During a visit to New York in 1931, he checked in to the Plaza Hotel.  A call came to his room from the front desk asking if anything was needed.  He pretended to be his own valet & said:

“Mr. Churchill is a man of simple tastes; he is quite easily satisfied with the best of everything.”

An unfortunate accident occurred when Mr. Churchill exited a taxi & was proceeding across 5th Avenue.  Accustomed to looking the other direction in London, he was hit by a car & was in hospital for 8 days.

In 1943, FDR took the PM on a drive while Churchill recited from memory John Greenleaf Whittier’s “Barbara Frietchie”.

Also, in 1943, Winston Churchill was awarded an honorary degree from Harvard.

In 1962, when Mr. Churchill was recovering from injuries he suffered in Monte Carlo,  President Kennedy sent him the following telegram:

July 6, 1962

“Dear Sir Winston:

We have been encouraged by the reports of the progress you have made and heartened again by your display of indomitable courage in the face of adversity.  The wishes of all our peoples as well as those of Mrs. Kennedy & I go to you.
President John F. Kennedy”

By Proclamation 3525, JFK made WSC an honorary American citizen:

“Whereas Sir Winston Churchill, a son of America though a subject of Britain, has been throughout his life a firm and steadfast friend of the American people and the American nation…I, John F. Kennedy, President of the United States of America do hereby declare Sir Winston Churchill an honorary citizen of the United States…”

April 9, 1963

Mr. Churchill’s response:

“I have received many kindnesses from the U.S.A. but the honour which you now accord me is without parallel.  I accept it with deep gratitude & affection.”

In coverage of  Mr. Churchill’s death, The New York Times wrote:

“He drank wine for breakfast….and champagne and brandy and whiskey…throughout the rest of the day.  He smoked cigars continuously.  He never exercised. And his health was amazing.”

Following are my favorite Winston Churchill quotes & stories:

“We make a living by what we get, but we make a life by what we give.”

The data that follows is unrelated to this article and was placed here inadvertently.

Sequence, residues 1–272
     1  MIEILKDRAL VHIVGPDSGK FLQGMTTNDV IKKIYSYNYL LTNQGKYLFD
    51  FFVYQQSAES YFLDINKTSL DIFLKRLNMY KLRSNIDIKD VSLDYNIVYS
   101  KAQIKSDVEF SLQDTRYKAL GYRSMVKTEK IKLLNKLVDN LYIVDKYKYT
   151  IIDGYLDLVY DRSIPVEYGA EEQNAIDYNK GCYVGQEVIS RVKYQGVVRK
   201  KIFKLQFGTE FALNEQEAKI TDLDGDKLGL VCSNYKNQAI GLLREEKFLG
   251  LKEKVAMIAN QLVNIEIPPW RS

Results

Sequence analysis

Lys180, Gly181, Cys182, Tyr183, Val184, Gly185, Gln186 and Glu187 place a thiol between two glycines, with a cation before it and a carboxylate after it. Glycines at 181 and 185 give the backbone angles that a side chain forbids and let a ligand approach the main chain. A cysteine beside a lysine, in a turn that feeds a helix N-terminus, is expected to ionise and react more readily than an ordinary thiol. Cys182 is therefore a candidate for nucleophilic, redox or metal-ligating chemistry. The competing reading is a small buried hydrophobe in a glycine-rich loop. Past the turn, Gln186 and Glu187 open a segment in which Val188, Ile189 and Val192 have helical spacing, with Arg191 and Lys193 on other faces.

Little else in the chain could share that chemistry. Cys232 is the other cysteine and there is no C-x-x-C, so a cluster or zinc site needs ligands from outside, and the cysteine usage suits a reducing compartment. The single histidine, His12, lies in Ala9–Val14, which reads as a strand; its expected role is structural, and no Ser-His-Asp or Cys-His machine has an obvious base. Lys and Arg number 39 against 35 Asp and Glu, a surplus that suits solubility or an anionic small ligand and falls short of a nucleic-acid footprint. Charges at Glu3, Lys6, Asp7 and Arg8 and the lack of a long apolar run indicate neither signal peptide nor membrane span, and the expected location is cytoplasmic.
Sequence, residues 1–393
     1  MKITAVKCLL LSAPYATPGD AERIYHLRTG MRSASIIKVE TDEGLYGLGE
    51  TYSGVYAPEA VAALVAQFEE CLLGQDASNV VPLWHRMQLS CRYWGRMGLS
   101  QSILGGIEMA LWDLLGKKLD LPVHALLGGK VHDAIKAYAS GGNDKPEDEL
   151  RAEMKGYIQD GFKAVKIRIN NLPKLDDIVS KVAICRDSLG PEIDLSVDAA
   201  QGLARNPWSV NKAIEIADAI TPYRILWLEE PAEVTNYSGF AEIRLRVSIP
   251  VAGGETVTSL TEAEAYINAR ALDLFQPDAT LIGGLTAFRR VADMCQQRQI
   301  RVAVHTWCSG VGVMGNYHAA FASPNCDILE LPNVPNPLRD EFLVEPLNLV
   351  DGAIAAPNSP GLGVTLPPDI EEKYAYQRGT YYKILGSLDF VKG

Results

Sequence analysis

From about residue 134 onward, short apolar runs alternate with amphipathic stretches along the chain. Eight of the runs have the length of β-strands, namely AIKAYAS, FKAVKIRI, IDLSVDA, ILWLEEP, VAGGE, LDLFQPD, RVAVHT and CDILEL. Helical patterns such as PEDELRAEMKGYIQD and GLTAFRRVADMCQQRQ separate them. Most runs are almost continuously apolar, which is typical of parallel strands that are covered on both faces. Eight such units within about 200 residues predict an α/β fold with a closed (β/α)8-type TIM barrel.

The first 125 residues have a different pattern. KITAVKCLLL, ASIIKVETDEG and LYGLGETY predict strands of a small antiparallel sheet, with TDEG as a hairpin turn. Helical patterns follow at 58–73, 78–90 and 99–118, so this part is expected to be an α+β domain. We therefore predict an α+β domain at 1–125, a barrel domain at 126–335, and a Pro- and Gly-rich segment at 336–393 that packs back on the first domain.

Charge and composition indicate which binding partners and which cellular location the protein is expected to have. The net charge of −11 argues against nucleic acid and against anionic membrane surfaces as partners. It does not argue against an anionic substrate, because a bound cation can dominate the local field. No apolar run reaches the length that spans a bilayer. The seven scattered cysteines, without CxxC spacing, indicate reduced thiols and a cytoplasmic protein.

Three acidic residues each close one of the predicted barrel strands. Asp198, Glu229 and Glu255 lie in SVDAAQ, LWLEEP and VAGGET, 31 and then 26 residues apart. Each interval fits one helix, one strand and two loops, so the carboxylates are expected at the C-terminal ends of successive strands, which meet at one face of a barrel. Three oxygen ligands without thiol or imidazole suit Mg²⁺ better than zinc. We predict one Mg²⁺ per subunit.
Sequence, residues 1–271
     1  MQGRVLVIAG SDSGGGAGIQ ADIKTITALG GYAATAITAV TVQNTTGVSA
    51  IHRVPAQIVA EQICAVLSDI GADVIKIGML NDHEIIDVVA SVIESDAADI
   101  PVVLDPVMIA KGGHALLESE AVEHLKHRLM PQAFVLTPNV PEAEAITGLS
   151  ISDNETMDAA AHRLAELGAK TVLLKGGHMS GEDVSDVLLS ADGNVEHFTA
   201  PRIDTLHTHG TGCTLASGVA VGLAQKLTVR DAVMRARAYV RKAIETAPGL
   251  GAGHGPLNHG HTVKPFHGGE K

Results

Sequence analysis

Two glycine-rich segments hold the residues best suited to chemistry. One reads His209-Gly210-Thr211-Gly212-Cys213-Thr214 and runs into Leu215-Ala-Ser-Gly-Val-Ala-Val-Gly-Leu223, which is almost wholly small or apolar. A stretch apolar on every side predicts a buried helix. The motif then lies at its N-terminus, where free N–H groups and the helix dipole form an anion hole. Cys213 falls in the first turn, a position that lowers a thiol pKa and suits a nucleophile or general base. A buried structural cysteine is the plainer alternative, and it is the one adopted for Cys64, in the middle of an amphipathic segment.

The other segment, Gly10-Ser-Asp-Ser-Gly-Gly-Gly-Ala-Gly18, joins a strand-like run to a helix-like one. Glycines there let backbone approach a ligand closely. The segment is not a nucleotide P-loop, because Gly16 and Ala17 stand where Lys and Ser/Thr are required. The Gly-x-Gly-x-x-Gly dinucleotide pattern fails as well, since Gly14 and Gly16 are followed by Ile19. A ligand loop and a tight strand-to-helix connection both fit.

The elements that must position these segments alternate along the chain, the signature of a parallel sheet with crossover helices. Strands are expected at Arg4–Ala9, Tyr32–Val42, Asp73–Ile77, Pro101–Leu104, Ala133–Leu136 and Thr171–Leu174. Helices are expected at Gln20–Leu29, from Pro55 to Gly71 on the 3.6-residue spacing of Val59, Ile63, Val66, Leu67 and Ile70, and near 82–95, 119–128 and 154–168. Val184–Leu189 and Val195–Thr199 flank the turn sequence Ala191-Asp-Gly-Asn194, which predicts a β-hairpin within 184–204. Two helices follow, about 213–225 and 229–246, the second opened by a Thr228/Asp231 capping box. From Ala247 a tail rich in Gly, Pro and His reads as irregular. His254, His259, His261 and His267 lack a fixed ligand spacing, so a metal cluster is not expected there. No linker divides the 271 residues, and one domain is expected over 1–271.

“You can always count on Americans to do the right thing…..after they’ve tried everything else.”

“It has been said democracy is the worst form of government except for all the others that have been tried.”

Nancy Astor once told Winston Churchill that if she were married to him she would put poison in his tea.  

He responded:  ‘Madam, if I were married to you….I would drink it!”

Bessie Braddock once said to Mr. Churchill: “Sir, you are drunk!”  

He answered:  “Madam, you are ugly!  In the morning, I shall be sober.”

At Westminster Hall, 321,360 people filed past Winston Churchill’s casket which was draped with the Union flag.


January 23, 1968


The American intelligence-gathering ship, USS Pueblo, has been captured today by North Korea.  

This action, under protest by the US, is allegedly because the ship was in violation of North Korean waters & in the process of an espionage mission.

In December 1968, the Pueblo’s commander, Captain Lloyd Bucher, will sign a confession & his ship will be returned to the United States. 

January 23, 1973


President Nixon announced today that his Secretary of State, Henry Kissinger, & North Vietnamese envoy, Le Duc Tho, have agreed to “end the war & bring peace with honor…”

This settlement, known as “The Paris Peace Accords”, sets January 27, 1973, 7 pm (EST) for a “cease-fire” to begin.

All POWs are to be released & all American & foreign troops are to be removed in 60 days.

January 23, 1957


Today the Wham-O Toy Company introduces the Frisbee.  The toy’s name comes from the Frisbie Pie Company of Bridgeport, Connecticut (1871). 

College students enjoyed throwing empty pie tins at one another & they would yell “Frisbie”. * 

*The “modern” Frisbee disc will be patented by Wham-O in December 1967 & will sell over 100 million by 1977

January 23, 1920


Today the government of the Netherlands refused to extradite the former leader of Germany during the recent world war, Wilhelm II.

The Kaiser will remain in Doorn where his son, Joachim, will later commit suicide.  In his memoirs, Wilhelm will deny any guilt in promoting the start of the war.